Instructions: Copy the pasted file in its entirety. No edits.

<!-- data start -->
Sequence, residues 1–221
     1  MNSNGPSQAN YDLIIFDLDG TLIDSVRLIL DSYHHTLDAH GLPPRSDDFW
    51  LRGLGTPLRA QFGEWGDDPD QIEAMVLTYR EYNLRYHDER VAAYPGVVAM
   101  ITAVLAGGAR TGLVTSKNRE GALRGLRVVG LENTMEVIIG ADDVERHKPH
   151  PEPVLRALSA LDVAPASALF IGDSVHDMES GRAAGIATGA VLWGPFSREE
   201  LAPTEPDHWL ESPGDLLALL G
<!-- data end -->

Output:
Sequence, residues 1–221
     1  MNSNGPSQAN YDLIIFDLDG TLIDSVRLIL DSYHHTLDAH GLPPRSDDFW
    51  LRGLGTPLRA QFGEWGDDPD QIEAMVLTYR EYNLRYHDER VAAYPGVVAM
   101  ITAVLAGGAR TGLVTSKNRE GALRGLRVVG LENTMEVIIG ADDVERHKPH
   151  PEPVLRALSA LDVAPASALF IGDSVHDMES GRAAGIATGA VLWGPFSREE
   201  LAPTEPDHWL ESPGDLLALL G